Some things I'd like to say about these articles:
1. I found these articles doing a search on InfoTrac for articles containing the word "iMac" in the year 1998. I didn't use keywords like "iMac cheap" or "iMac inexpensive" or anything that would get me biased results.
2. I specifically excluded Mac magazines like MacWorld or MacWEEK, as pretty much every
article from those publications mentions the inexpensiveness of the iMac.
3. Among all the articles I looked at, I found only one
complaining about the iMac's price. Contrast that with all the articles saying the contrary, which I've posted above.
The Blue and White started in the $1500 range in Jan 1999.
Huh? I thought we were talking about 1998, when the iMac was introduced. The B&W was made after
the iMac. It also didn't include a monitor. I'll agree that the B&W was
a great machine, though, one for which Apple has no equivalent today.
The G3 AIO that you DQ'd for being edu was $1500 but the Power Mac 6500 started at $1799.
The 6500 was discontinued in March 1998, several months before the release of the iMac, and half a year before the iMac actually shipped. (link
The Power Mac 5400 LC and Power Mac 4400 were discontinued sometime in 1998.
5400 LC - LC designated "edu" in Apple's old naming conventions. Everything after the LC III (the edu version of the Performa 450) with "LC" in the title was an edu machine. Besides that, I can't find a mention of that model anywhere other than Apple-History, which has questionable reliability. Everymac.com says all the Power Mac 5400s were edu-only and were all discontinued by March 1998 before the iMac was released. That jibes because the consumer versions of those machines were the Performa 5400 series, and they were all discontinued by December 1997. In addition to all of this, the 5xxx series were all-in-ones! The iMac was basically re-starting the consumer Performa 5xxx line, which had been dead for quite some time by the time the iMac shipped.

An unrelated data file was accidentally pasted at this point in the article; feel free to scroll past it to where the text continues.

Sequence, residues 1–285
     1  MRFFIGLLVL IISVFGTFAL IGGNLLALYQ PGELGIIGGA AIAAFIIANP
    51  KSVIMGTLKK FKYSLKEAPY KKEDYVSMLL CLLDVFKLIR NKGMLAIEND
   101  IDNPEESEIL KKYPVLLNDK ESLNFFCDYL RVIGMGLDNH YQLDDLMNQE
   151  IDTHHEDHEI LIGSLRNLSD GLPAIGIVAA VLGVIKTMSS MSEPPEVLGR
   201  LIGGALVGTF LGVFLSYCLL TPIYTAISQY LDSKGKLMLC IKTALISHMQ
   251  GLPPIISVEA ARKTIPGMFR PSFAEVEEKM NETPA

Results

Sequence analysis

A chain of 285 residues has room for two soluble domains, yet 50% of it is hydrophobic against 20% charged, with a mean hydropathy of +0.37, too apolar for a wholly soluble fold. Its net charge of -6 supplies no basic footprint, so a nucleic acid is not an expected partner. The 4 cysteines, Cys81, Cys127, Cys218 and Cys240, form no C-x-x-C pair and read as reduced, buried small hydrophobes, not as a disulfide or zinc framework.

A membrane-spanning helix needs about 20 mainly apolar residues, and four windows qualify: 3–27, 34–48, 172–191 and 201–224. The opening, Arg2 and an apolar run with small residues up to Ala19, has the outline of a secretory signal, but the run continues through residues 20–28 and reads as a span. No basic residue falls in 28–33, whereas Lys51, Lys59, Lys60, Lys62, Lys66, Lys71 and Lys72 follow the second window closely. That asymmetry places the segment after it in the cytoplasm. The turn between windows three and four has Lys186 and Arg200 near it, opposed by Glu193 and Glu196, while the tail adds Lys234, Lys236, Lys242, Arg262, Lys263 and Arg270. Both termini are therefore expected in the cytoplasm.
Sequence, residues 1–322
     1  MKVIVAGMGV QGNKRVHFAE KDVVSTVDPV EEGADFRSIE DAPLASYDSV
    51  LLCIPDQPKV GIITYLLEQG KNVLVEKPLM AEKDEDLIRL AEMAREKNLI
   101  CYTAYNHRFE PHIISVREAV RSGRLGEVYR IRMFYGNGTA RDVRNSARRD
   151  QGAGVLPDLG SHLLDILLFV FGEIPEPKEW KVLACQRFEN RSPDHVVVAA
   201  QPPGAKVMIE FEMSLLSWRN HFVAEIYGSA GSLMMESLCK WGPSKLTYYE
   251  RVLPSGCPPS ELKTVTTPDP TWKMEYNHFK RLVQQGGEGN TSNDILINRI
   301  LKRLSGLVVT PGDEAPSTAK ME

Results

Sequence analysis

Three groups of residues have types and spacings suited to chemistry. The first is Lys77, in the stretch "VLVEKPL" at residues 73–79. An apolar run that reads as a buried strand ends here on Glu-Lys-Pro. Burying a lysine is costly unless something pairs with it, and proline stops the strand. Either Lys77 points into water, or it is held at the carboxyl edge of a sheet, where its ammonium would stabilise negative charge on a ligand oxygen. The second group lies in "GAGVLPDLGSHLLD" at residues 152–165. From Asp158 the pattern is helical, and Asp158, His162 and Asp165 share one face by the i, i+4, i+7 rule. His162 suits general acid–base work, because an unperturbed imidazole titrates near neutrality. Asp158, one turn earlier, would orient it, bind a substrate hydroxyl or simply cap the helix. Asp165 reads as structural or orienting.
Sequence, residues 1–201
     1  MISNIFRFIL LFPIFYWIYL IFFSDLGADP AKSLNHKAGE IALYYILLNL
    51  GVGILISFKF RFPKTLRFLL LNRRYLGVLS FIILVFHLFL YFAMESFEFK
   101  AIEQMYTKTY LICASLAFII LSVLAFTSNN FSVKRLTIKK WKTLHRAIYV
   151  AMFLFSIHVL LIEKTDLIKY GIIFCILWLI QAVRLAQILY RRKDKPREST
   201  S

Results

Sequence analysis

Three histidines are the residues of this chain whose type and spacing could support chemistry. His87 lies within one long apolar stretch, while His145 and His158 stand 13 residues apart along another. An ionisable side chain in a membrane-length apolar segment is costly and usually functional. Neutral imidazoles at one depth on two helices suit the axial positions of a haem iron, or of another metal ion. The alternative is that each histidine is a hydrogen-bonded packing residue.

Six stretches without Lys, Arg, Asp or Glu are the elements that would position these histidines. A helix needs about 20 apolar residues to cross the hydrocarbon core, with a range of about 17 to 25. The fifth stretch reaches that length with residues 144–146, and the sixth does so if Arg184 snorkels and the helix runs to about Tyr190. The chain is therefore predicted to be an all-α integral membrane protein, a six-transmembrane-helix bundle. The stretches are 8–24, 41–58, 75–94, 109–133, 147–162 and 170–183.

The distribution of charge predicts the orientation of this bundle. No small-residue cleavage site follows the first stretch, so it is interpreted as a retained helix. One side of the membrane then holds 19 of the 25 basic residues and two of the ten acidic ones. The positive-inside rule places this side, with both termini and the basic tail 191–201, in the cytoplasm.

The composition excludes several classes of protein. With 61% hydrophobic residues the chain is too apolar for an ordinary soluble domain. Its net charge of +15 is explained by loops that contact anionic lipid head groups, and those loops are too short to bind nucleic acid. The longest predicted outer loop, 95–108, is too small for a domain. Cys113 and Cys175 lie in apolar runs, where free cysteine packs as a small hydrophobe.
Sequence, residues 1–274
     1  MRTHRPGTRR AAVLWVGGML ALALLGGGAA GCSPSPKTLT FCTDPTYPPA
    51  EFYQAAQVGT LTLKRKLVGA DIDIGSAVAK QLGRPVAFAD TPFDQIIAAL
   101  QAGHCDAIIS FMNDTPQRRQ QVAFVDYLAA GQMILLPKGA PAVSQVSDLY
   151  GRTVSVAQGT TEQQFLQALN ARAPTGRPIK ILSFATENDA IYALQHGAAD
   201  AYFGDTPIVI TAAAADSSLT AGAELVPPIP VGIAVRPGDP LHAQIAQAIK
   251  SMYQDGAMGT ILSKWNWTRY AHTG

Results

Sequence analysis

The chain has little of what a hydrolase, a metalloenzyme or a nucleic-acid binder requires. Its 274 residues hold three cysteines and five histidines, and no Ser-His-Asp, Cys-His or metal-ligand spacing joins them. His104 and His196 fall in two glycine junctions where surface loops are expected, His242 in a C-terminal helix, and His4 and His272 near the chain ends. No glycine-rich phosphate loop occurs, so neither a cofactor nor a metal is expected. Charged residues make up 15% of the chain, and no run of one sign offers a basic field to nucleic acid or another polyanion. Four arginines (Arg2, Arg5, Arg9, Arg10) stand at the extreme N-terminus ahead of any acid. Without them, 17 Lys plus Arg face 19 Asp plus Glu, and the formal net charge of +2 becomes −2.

As for the 4400, it was discontinued in 1997. (linky linky
There were a plethora of Power Macs during that time period. Some under $2K.
All of them edu-only. The only Power Macs available to non-edu consumers were the Power Mac G3s. The marketing at the time was "Pro, Go, Whoa." "Pro" being Power Macintosh G3, "Go" being PowerBook, and "Whoa" being iMac.
Was there a specific model for $1500 in 1998 excluding the edu market?
Nope. Also, was there a specific model for $1300 including the monitor, excluding the edu market? Not since the death of the clones in 1997, the UMAX SuperMac C500 line being the only Mac OS machines ever to go below $1000 until the 350 MHz iMac in October 1999.
I can't show that but I can show there were models in the general price range from the history sites both before and after 1998.
Unfortunately, you're out of your league here. You admit you weren't following Apple at the time the iMac came out - I was, and I can assure you that there was nothing like it in its price range at the time it came out.
Why do you think Jobs would have admitted to not having a consumer offering at all before the iMac's release if it weren't true? Is it typical for CEOs to criticize their own companies baselessly? The fact: two years before the iMac came out, Apple quit selling consumer machines, leaving that market to the clones. After the death of the clones, there was nothing
until the release of the iMac. Hence the re-entrance of Apple into the consumer market in 1998.